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All Media Should Become Performance Media


The digital media landscape and its associated advertising models are being shaken to their core by the move to a cookieless landscape and increasing privacy restrictions.

But are they really? And even if so, is that a bad thing?

The above assertions have been made so many times that we've all come to accept them as industry truth — and a negative one at that. But before we spend more time decrying Google's planned third-party cookie deprecation and new privacy-focused legislation and policies, let's pause to consider that maybe our industry is arriving at precisely the place we've been trying to get for decades now: a reality where all media can become performance media.

The Long Road to Actions, Not Ads

The promise of the web started as a new way for consumers to access information interactively. Soon, search engine marketing helped marketers begin to understand how consumers explicitly sharing their intent in the form of a query created arguably the most powerful marketing channel the world had ever seen.

The Yellow Pages, once an $11 billion marketing segment, was completely subsumed by the reverse direct marketing that search provided, with consumers self-selecting before being shown information. This seeped beyond search into display soon enough. Once ads began to focus more on behavioral targeting than the context of the page, the shopping funnel collapsed.

Now, with Amazon as one of the world's largest advertising platforms, consumers are further down the funnel everywhere they navigate online because of the expansive first-party data and retargeting efforts of Amazon, Google, and the other major ad platforms.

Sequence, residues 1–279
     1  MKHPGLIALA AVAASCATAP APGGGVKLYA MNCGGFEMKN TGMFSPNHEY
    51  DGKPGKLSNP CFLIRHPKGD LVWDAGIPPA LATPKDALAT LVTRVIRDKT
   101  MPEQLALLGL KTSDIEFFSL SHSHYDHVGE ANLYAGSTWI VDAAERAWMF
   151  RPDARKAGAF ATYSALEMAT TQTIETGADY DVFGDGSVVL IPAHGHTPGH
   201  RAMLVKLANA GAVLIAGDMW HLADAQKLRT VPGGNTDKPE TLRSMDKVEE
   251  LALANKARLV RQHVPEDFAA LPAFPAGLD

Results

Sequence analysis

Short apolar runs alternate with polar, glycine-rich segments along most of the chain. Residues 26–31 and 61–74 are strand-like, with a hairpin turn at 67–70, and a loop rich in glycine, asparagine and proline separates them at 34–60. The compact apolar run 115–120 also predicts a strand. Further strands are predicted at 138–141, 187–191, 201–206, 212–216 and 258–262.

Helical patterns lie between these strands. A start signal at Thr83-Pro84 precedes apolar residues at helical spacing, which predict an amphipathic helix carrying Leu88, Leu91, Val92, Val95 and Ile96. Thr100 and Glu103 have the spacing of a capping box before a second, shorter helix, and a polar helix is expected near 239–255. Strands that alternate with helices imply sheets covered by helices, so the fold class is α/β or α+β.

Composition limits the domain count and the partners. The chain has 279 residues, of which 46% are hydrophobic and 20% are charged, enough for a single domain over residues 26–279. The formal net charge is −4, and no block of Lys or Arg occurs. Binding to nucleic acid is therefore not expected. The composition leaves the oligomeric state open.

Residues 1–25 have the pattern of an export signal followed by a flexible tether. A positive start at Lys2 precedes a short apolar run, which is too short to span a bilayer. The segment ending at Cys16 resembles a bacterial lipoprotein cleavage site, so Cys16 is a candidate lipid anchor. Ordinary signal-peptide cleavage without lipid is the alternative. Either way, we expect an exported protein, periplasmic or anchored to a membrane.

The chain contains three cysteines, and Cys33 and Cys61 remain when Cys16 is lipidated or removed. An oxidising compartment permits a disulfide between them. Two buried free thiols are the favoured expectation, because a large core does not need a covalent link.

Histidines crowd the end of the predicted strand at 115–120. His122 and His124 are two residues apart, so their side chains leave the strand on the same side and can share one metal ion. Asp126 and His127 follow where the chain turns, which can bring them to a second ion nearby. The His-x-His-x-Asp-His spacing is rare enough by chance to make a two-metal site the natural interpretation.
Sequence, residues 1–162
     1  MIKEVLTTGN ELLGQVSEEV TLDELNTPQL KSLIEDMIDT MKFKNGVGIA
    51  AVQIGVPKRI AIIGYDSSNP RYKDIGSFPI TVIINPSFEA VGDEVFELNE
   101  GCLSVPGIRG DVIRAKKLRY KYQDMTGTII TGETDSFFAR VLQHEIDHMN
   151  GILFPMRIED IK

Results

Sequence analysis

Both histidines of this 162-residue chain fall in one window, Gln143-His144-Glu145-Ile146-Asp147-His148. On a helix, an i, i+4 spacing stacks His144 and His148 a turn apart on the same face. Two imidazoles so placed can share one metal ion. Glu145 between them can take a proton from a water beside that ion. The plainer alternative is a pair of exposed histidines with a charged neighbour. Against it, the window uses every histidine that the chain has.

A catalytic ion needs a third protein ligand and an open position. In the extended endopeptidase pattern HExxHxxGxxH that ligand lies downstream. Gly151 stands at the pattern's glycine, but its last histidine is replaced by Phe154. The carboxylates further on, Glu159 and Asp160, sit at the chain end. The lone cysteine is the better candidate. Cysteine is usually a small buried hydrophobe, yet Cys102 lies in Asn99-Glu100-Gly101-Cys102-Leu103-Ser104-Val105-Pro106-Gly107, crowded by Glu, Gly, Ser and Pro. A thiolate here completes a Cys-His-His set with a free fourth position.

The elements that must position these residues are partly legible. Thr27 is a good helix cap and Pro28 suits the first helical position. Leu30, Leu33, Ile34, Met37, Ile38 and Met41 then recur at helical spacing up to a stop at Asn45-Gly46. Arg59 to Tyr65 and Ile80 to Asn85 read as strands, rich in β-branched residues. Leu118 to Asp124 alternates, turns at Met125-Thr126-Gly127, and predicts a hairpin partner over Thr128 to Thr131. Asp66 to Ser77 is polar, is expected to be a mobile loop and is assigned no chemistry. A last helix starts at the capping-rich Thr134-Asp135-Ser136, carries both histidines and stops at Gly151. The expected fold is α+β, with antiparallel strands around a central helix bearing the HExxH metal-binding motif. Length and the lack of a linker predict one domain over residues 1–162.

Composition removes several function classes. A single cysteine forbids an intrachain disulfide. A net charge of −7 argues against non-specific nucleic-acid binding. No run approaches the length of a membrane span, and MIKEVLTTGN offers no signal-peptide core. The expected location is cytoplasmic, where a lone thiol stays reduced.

Today, with Amazon selling billions in advertising on its pages — far more than all newspapers in the world online and offline — can we all accept that what we used to think of as a "purchase funnel" has been compressed into shopper marketing?

Taking this a step further, all media buying today is and will continue to shift toward a performance media model — one in which success can be measured in actions, not ads. This evolution is most obvious in the rise of the retail media titans, kicked off by Amazon, and the growing number of retail media networks that deliver value to brands in the form of sales, not just impressions.

"If it Doesn't Sell, It Isn't Creative."

Was David Ogilvy really a performance marketer at heart? To him and other founding fathers of the advertising industry, the branding art they were in was always about selling. So, really, for those who look down at performance marketing, should any of this come as a surprise?

Virtually every major trend within the digital advertising industry over the past 20 years has pointed us toward this reality — one where advertisers want to pay for real results and publishers and platforms want to be compensated for those results. We saw startups and established brands alike pile into the direct-to-consumer space on the strength of search and social media platforms' ability to collapse the funnel and drive sales. The saturation of those channels was a foregone conclusion.